Postdoctoral positions - Utilizing the Nicotiana attenuata toolbox to understand how native plants survive in the real world


Prof. Ian Baldwin, Department of Molecular Ecology of the Max Planck Institute for Chemical Ecology

Over the past two decades we have created a molecular-ecological toolbox for Nicotiana attenuata, a native diploid tobacco that grows in the Great Basin Desert in the primordial agricultural niche (it’s a fire chaser), to understand how this native plant survives in the real world. The toolbox is composed of three support platforms (molecular, analytical and ecological) which includes state- of-art molecular biological, genetic and analytical resources comparable or better than what you can find dispersed across the entire Arabidopsis community, but also a field station located in a nature preserve in the plant’s native habitat in SW Utah, at which communities of transgenic plants, harboring silencing and over-expression constructs for plant and insect (for plant-mediated RNAi) genes are regularly planted to test functional hypotheses about gene function (for more information about these toolboxes see webpages starting at: http://www.ice.mpg.de/ext/molecular-ecology.html and click on the circles with the tool box labels.

We are offering 3-year Post Doctoral positions (which are extendable for an additional 2 years based on productivity) for creative biologists and chemists with a track record of research productivity and independence to utilize the tools of this remarkable molecular/ecological toolbox to explore hypotheses about the organismic level function of genes.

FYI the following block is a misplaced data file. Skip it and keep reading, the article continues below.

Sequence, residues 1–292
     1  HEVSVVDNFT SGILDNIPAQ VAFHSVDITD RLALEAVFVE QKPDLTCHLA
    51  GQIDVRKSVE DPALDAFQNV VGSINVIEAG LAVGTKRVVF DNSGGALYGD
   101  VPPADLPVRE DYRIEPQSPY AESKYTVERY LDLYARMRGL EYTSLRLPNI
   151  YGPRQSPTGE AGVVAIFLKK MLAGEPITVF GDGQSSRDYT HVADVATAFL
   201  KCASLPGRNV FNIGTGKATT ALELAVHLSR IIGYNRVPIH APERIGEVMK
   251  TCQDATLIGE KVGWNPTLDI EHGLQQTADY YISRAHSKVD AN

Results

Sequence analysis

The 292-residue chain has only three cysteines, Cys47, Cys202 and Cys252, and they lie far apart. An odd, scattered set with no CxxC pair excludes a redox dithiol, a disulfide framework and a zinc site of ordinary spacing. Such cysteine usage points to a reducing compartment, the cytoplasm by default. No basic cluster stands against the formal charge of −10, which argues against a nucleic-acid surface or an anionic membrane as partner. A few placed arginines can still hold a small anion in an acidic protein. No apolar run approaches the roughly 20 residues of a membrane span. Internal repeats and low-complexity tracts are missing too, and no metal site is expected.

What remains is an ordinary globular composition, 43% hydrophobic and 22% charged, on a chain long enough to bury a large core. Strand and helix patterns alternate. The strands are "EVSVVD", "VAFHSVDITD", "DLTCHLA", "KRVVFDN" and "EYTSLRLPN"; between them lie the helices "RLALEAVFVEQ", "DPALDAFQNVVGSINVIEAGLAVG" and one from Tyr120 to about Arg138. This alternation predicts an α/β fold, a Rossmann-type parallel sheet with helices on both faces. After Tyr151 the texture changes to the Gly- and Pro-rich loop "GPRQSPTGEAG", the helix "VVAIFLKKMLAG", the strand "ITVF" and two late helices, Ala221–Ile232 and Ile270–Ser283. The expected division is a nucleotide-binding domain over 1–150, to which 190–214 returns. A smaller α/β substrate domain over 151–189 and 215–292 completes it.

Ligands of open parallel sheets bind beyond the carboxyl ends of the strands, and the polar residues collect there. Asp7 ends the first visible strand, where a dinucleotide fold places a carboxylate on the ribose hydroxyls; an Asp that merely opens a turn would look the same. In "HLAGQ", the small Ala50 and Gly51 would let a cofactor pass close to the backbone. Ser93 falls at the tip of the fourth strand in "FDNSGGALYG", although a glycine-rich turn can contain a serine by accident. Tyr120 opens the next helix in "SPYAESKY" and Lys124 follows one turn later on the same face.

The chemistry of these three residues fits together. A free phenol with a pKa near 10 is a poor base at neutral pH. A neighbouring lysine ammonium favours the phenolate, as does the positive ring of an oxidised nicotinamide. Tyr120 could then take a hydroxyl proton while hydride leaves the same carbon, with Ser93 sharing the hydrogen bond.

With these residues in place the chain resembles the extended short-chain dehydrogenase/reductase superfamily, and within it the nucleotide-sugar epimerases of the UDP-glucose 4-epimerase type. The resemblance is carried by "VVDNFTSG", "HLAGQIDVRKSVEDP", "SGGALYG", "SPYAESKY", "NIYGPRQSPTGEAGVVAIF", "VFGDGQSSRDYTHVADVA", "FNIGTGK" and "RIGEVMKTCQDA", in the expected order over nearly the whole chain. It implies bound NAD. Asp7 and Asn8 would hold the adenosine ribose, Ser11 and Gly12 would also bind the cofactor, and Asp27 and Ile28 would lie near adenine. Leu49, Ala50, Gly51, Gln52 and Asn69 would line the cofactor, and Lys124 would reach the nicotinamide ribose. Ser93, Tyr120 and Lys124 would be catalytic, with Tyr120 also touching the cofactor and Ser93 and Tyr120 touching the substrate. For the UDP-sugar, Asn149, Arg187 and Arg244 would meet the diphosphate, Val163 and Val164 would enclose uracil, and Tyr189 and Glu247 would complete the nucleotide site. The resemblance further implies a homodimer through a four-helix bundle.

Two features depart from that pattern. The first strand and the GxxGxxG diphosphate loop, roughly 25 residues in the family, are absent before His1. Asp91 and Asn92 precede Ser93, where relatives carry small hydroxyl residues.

We are particularly interested in projects that utilize our many RNAi lines that have already been screened and tested (rather than requiring the generation of new lines), particularly those involved in the plant’s endogenous clock and photo-perception (see the table in the molecular tool box for more details). While we are open to any exciting research question that helps to elucidate how plants function in the real world, we are particularly interested in projects that explore root behavior in a whole-plant functional context and opportunistic mutualisms that roots establish with microbial partners.

We offer competitive salaries according to MPG guidelines, a stimulating work environment, and excellent mentoring for your transition to a professorship or other position in which your science can flourish.

We expect: A PhD in plant sciences, entomology, microbiology, molecular biology, analytical chemistry, or ecology (preferably an interest in all of the above!); an inquisitive mind; excellent verbal and written communication skills; a publication track record, and a collaborative personality capable of taking full advantage of the awesome genetic, analytical and ecological resources that the Department of Molecular Ecology has developed for Nicotiana attenuata as a model ecological expression system. Please read Baldwin’s Scientist Creed for an elaboration of the Department’s expectations.

How to apply: Send your CV, a summary of your previous research experience, a statement of research interests and a short statement how they could take advantage of the N. attenuata toolbox and contact information for at least two references to Dr. Klaus Gase who will be conducting the initial screening for Ian Baldwin. Suitable candidates will be interviewed by phone, asked to write a short proposal, followed by an invitation for a seminar. The positions are available immediately and will remain open until filled.


Dr. Klaus Gase
Department of Molecular Ecology
Max Planck Institute for Chemical Ecology
Hans-Knoell-Strasse 8
D-07745 Jena
gase [at] ice.mpg.de